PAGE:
• You have a choice of sauces to serve with them, but the Greeks don’t seem to serve them with a sauce at all in my experience.

Bean’n’bacon bung-in:

Bean’n’bacon bung-in:

Prep:           5 mins.

Cooking:      10 mins.

Course:        Snack/Lunch/Main

Serves:        4

Rating:         2: Easy

Find:

  • 2 cans of different beans
  • Can of chopped tomatoes
  • Pack of cheap bacon bits from the supermarket or town market
  • Onion
  • Oil
  • Seasonings
  • Frying pan

Method:

  • Cut up the bacon bits, discarding the fatty bits and rind. Throw into a frying pan over a medium heat.
  • Slice the onions rustically (great big bits) and throw that in as well.
  • Fry for about 10 minutes, to get the bacon crispy.
  • Rinse both cans of beans under the cold tap (especially if one of the bean types is red kidney…. rinse really well).
  • Pour off the fat into a cup (see Tricks’n’Tips for what to do with it afterwards) and put the beans in the frying pan. Add the can of chopped tomatoes.  Get to be all bubbling and nice.
  • Season to taste – you might want to put some sweet chilli sauce in it…… serve and eat.
  • Lovely with a few good pints and a few good mates.

Bacon-wrapped Steak Pattie Rounds:

Bacon-wrapped Steak Pattie Rounds:

Prep:           10 mins.

Cooking:      20 mins.

Course:        Snack/Lunch/Main

Serves:        4

Rating:         3:  Moderate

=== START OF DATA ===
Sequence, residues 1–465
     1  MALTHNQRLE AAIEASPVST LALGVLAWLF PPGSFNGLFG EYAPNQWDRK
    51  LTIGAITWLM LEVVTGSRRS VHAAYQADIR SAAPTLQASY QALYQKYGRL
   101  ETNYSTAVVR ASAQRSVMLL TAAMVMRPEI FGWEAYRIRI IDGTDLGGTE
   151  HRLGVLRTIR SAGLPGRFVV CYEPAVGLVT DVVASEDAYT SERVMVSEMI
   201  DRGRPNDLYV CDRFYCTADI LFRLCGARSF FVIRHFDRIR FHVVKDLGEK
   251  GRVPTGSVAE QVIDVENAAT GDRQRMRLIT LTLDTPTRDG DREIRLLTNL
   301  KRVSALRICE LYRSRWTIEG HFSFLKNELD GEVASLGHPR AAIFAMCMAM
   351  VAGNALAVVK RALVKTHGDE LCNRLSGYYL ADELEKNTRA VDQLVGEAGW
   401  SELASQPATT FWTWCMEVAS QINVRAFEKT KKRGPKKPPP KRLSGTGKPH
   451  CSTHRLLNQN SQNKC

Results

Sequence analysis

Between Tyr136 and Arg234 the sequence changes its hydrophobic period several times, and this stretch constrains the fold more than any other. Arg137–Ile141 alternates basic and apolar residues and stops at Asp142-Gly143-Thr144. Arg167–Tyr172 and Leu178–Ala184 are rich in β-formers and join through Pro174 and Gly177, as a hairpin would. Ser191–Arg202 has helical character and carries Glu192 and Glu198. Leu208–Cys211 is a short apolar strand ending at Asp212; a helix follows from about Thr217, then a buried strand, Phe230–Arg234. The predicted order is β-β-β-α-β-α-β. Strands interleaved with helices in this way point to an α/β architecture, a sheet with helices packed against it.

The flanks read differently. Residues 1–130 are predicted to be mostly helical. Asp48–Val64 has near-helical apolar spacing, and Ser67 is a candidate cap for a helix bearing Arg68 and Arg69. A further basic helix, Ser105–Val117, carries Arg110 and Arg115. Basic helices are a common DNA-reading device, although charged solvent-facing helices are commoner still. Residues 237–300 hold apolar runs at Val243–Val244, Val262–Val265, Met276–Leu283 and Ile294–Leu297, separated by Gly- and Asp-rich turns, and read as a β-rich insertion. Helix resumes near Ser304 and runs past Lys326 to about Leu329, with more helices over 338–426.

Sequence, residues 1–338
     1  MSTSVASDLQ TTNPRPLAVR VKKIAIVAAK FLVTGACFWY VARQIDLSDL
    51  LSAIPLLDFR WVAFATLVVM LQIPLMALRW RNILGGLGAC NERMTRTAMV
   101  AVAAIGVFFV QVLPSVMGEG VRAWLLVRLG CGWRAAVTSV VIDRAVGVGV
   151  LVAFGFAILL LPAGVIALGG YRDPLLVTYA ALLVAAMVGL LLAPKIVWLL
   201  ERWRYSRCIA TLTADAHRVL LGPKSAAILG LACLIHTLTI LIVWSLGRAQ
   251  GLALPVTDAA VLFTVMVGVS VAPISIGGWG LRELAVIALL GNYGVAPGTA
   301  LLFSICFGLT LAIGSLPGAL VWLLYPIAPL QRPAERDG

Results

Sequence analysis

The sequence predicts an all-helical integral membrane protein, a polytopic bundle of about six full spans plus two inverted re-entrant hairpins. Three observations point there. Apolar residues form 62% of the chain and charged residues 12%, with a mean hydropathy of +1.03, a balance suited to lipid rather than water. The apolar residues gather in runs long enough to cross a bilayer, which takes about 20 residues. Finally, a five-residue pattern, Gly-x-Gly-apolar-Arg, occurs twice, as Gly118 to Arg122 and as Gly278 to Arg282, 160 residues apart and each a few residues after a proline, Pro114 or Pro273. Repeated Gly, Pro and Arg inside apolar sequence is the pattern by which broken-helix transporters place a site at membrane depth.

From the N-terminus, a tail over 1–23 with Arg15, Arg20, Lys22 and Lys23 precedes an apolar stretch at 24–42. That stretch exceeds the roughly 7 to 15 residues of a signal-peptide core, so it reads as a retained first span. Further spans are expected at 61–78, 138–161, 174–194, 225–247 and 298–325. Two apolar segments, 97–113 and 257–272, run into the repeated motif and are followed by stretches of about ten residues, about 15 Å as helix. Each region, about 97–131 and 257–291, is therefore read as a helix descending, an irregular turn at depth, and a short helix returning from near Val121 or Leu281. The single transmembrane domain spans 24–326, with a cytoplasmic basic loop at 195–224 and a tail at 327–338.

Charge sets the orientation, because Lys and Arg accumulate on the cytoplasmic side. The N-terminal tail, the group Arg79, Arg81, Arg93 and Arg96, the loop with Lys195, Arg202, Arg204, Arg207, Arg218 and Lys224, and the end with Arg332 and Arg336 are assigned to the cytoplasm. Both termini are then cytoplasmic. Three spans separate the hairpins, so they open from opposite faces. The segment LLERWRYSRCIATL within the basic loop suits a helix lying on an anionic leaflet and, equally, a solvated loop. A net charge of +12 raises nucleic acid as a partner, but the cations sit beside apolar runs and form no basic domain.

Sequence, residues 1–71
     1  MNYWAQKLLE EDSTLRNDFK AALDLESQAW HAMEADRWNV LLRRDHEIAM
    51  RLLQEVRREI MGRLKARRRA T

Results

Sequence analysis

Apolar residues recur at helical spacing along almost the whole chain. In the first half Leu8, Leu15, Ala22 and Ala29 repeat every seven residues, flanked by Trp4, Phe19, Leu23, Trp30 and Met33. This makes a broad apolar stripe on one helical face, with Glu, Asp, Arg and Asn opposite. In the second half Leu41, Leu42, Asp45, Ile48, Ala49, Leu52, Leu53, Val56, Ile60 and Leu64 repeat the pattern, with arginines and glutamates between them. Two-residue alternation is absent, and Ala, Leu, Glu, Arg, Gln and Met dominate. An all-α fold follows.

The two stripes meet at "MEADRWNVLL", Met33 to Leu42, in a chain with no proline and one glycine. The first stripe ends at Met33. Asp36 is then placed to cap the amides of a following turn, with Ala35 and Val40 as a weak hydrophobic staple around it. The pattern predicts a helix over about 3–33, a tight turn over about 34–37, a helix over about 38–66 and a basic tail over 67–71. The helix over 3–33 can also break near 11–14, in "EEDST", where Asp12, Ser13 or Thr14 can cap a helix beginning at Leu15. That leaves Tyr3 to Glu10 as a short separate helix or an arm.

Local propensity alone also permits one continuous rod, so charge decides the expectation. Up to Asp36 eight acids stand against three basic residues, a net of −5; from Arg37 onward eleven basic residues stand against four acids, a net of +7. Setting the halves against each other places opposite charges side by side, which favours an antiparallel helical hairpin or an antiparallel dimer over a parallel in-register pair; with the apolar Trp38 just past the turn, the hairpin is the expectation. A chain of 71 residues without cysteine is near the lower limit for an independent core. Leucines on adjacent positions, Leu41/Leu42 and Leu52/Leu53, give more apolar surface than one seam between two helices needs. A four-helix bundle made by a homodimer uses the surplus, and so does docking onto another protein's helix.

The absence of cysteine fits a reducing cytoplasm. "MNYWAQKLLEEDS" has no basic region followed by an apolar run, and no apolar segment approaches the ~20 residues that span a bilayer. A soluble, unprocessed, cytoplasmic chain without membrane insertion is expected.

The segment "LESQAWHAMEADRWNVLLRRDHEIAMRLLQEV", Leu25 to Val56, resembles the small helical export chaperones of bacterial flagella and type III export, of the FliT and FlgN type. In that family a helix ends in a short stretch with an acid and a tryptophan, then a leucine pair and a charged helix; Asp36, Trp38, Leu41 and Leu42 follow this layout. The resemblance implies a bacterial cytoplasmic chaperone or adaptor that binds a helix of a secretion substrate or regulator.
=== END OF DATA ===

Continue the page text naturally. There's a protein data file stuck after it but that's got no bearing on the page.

This is a good way to use up left-over meats.

Find:

  • 500g some sort of steak, raw or cooked (or sausages, or something left over…)
  • 200g streaky bacon in four pieces – they need to be as long as you can possibly get; to be wrapped around the four formed patties. Keep this in mind when sourcing the streaky bacon.
  • 2 slices bread for fresh breadcrumbs (See Tricks’n’Tips)
  • Mick’s Terbs (See Tricks’n’Tips)
  • 1 egg
  • Dollop whole grain mustard or horseradish sauce
  • Onion
  • Oil
  • Seasoning
  • Cocktail sticks
  • Food processor
  • Frying pan or grill

Method:

  • Make the breadcrumbs (See Tricks’n’Tips). Cut the steak up to allow it to process easier, trimming off any fat or other unwanted bits at the same time.
  • Roughly slice the onion.
  • Put both into the processor and blitz for a time. Add the breadcrumbs, herbs, mustard, egg and seasoning, then blitz again for a while.  You are trying to aim for a mixture that will form fairly stable balls of meat mixture.  If it’s too loose, add breadcrumbs.  If too dry, add a little oil.
  • Form into four round patties of equal diameter and thickness. Wrap the streaky bacon around the circumference of each of the patties, pinning into place with a cocktail stick.